The Muppets, in all of their movies, also loved leaning on the fourth wall. Every movie has the troupe acknowledge the fact that they’re playing parts, or has a celebrity friend pop up, or, in the case of the Segel film, reference the fact that it’s really weird when people break into song every time there’s a musical number.
By removing the fourth wall and having the Muppets directly interact with the audience, we lose something. Gonzo isn’t allowed to be experimental and crazy anymore because we have to care about his online dating. Kermit can’t address an aside to the audience, because he has to wait for the next scene to explain his feelings directly to the cameraman. And the characters don’t have to talk to each other or interact anymore because they can talk directly to us, instead, to say what’s on their minds. When there is no fourth wall, there is no boundary to break, and when the Muppets are given no boundaries, there isn’t any anarchy for them to wreak.
Tina Fey’s 30 Rock had a similar setup and it worked because the characters had to live with each other and their decisions. There was no retreating to a room with the crew to express their frustrations. If Tracy was having a problem with Jenna, he’d go to Liz Lemon to complain, or come up with a crazy plan to address it himself. If Gonzo is having a problem with Piggy, he needs to plot with his fellow writers, Rizzo and Pepe, or go complain to a beleaguered Kermit. Instead, the newly boring Gonzo calmly tells the camera that Piggy is annoying and makes a snarky comment as we see Piggy do something funny in the background. The Muppets thrive in interplay and anarchy, not solitude and order. By removing the fourth wall and showing us that the Muppets are just like us, they’ve made them boring by making them just like us.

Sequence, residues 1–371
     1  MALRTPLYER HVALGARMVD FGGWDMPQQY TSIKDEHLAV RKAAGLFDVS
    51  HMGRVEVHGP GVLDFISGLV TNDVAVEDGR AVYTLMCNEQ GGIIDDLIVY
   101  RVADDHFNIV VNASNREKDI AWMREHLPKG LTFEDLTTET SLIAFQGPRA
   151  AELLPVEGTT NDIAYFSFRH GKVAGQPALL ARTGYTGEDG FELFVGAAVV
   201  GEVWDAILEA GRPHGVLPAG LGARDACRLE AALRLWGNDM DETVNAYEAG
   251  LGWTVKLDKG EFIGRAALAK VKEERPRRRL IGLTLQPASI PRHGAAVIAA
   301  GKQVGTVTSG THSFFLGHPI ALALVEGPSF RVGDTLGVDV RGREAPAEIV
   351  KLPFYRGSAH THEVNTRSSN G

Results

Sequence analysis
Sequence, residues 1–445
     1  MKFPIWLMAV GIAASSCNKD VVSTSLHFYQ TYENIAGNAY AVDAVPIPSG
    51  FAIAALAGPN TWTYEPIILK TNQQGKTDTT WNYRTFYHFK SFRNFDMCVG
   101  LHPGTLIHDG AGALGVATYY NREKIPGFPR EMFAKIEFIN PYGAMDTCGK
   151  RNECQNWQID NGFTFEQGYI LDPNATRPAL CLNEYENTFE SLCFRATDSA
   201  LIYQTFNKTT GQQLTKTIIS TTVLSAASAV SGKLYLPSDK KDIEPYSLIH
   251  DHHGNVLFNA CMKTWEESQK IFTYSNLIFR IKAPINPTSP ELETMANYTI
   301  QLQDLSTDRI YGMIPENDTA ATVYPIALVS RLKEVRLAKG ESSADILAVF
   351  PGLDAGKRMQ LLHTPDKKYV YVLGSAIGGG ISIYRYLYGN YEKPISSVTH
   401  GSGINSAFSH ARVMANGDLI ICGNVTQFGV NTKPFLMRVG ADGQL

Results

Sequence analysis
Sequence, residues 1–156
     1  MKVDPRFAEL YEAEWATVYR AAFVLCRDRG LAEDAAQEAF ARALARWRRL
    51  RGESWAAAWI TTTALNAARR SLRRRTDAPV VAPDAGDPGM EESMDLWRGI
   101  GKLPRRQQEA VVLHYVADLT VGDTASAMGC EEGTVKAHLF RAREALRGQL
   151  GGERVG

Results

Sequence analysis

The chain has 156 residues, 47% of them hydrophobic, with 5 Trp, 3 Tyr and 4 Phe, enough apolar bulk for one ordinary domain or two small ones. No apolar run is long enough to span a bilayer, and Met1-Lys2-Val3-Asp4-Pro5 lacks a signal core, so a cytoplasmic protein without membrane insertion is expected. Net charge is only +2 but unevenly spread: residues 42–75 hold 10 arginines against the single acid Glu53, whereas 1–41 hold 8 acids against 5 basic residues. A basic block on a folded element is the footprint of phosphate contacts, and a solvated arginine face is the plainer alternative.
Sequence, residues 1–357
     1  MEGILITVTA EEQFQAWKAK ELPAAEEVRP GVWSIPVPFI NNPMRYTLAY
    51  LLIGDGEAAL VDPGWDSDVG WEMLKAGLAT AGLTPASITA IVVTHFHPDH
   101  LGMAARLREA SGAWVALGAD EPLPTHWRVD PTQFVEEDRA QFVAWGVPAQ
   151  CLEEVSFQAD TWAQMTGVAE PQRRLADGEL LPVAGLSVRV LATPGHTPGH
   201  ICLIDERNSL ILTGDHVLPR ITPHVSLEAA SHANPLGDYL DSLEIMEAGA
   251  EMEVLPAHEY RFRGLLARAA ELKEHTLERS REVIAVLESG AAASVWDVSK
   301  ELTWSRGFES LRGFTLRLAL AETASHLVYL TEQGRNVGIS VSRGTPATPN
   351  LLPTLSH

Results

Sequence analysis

The throwaway gags are another huge letdown. An offhanded mention of Gonzo’s mother on vacation, or the Swedish Chef wanting an autograph signed “Meghan” exists only for a momentary chuckle, but the lines don’t even deliver that. They’re predictable sitcom fare. Fozzie’s relationship with a human was a hilarious setup that had no followup outside of one episode (so far.) Despite her participation in the marketing of the show, we haven’t seen Denise since episode one. Rowlf has been completely wasted in his one appearance. His one joke was one repeated from the reel used to pitch the show. The Electric Mayhem drug jokes, in particular, are the laziest kind of joke. And what’s more is that any of these jokes could be inserted into any other show and nobody would know the difference. Why bother using the Muppets at all if you’re not going to cater to your “actors”? There’s a whole history of television and film that can be drawn from, and we barely get more than a drug joke. Even Ron Swanson, himself, Nick Offerman, couldn’t escape lazy joke writing with his extended “I owe you one” sequence where he asks for a cappuccino machine, and then a boat. It’s not clever. It’s a joke a 10-year-old would roll his eyes at. It’s as if the crew of the show is playing it safe, but there’s no reason to. They’re the Muppets. They don’t need restraint. New viewers won’t watch because it’d bland, and old fans won’t watch because it’s not true to the Muppets franchise.